Mideast Shapes Presidential Race


abbas-netanyahuBy Steve Huntley

Americans are increasingly absorbed in presidential politics, and President Barack Obama wants to shift defense/foreign policy strategic emphasis to the Asian/Pacific region. But the Middle East persists as the part of the world where Iran’s quest for nuclear weapons, the Israeli-Palestinian conflict and the Arab-Spring-turned-winter pose fearsome challenges to peace and stability in a region vital to the global energy supply and thus to the planet’s economic health.

Nowhere do the stakes loom larger and more ominously than in Iran. Defense Secretary Leon Panetta told CBS News this weekend that if Iran’s mullahs “decided to do it, it would probably take them about a year to be able to produce” a nuclear weapon.

That means Iran, a fanatical revolutionary state, is quite close to its goal despite ever-increasing economic and diplomatic sanctions and a covert campaign of computer viruses, industrial sabotage and targeted killings of Tehran’s top atomic scientists. The European Union has imposed an embargo on Iranian oil, and Congress has authorized Obama, in effect, to freeze international dealings with Iran’s central bank, potentially delivering a crippling blow to that country’s economy.

But some big players are not on board with the get-tough approach. Russia balks at sanctions. China and India, both with booming economies, won’t cut their imports of Iranian oil.

Obama and Panetta say the United States is committed to preventing a nuclear-armed Iran, and that no option is off the table. Also possible is a military strike by Israel, for whom a nuclear Iran is an existential threat. Obama could find himself facing a tough decision later this year, maybe in the middle of a presidential election.

Meanwhile, representatives of Israel and Palestinians met five times in Jordan before Palestinian Authority President Mahmoud Abbas halted the exploratory talks to consult with the Arab League. The Israelis came to the table advocating that most Israelis live under an Israeli government and most Palestinians under Palestinian sovereignty – pretty much recognized for more than a decade as the parameters for a territorial resolution to the conflict. Palestinian and Arab rejection on that compromise, along with continuing hostility to the idea of the Jewish state, remain the obstacles to a settlement.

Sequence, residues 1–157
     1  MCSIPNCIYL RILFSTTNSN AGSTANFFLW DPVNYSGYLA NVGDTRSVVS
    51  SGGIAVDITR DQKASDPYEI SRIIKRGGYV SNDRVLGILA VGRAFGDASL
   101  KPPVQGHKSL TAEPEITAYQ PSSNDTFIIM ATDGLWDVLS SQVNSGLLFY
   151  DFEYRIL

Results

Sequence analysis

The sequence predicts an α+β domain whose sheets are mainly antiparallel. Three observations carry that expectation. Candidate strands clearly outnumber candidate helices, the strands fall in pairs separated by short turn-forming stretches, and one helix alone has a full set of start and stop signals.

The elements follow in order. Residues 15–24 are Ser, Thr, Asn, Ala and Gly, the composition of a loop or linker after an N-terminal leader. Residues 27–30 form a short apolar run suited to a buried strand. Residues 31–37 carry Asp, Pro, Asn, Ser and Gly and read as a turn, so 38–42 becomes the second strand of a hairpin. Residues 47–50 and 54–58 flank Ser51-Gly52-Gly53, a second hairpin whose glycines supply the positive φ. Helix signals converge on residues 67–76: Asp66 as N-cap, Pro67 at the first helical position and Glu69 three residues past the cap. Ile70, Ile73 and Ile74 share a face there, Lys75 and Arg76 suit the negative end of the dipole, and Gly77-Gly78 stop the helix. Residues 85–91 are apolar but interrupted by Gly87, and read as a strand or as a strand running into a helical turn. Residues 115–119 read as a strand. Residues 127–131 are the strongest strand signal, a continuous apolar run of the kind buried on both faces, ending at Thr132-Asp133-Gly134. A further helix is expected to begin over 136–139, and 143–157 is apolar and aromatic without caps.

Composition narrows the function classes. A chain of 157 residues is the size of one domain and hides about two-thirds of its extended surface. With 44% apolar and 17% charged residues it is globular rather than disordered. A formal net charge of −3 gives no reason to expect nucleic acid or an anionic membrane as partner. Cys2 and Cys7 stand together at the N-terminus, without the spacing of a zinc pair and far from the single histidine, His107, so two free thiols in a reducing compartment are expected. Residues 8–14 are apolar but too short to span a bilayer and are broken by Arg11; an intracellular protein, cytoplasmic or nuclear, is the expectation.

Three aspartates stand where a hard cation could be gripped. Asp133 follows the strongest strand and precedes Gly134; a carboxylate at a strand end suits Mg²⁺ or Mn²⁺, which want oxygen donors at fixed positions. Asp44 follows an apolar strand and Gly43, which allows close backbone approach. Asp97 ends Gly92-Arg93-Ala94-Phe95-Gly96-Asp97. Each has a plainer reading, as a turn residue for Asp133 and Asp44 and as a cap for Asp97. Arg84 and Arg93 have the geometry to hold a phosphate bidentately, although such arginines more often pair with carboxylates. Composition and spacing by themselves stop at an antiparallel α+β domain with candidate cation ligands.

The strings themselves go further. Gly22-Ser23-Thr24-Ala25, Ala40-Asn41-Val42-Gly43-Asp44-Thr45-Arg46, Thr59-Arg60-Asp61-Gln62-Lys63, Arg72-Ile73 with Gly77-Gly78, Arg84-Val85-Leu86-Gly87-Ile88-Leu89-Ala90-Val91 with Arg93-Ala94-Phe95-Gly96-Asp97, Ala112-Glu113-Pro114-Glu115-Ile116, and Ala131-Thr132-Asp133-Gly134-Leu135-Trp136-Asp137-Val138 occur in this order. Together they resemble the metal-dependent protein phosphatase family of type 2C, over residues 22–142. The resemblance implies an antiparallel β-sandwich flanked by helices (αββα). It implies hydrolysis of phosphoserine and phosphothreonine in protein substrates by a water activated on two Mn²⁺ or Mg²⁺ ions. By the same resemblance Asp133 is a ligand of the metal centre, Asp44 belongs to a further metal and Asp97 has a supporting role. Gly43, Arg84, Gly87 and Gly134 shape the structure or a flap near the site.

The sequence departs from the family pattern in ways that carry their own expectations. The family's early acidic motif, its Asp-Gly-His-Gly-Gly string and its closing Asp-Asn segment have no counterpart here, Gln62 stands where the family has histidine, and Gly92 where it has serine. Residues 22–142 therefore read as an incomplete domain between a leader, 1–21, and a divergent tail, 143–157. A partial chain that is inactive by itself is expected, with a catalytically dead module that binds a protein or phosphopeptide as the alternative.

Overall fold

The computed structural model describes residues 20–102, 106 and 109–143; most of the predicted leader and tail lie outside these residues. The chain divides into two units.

It’s probably not a coincidence that the renewed talks were accompanied by a new outburst of anti-Israel incitement in the Palestinian media. The Palestinian Media Watch caught one of the Palestinian Authority’s highest religious officials citing Islamic tradition on PA-TV to say it was the Palestinians’ destiny to kill Jews. Another PA-TV broadcast praised the slaughter of an Israeli family of five last year. No wonder Israelis don’t see a peace partner.

Things aren’t any brighter elsewhere in the region. U.S.-Egyptian relations reached a low when Cairo barred half a dozen U.S. citizens with pro-democracy groups, including the son of Transportation Secretary Ray LaHood, from leaving the country. Two Americans fearing arrest sought sanctuary in the U.S. embassy.

Syria seems to be descending toward civil war. In Libya, militia loyal to the dead dictator Moammar Gadhafi staged attacks against the transitional government. And the withdrawal of U.S. troops from Iraq saw a worrisome spike in sectarian violence.

In the Middle East, 2012 unfortunately looks to be another year of living dangerously.

{Chicago Sun-Times/Matzav.com Newscenter}


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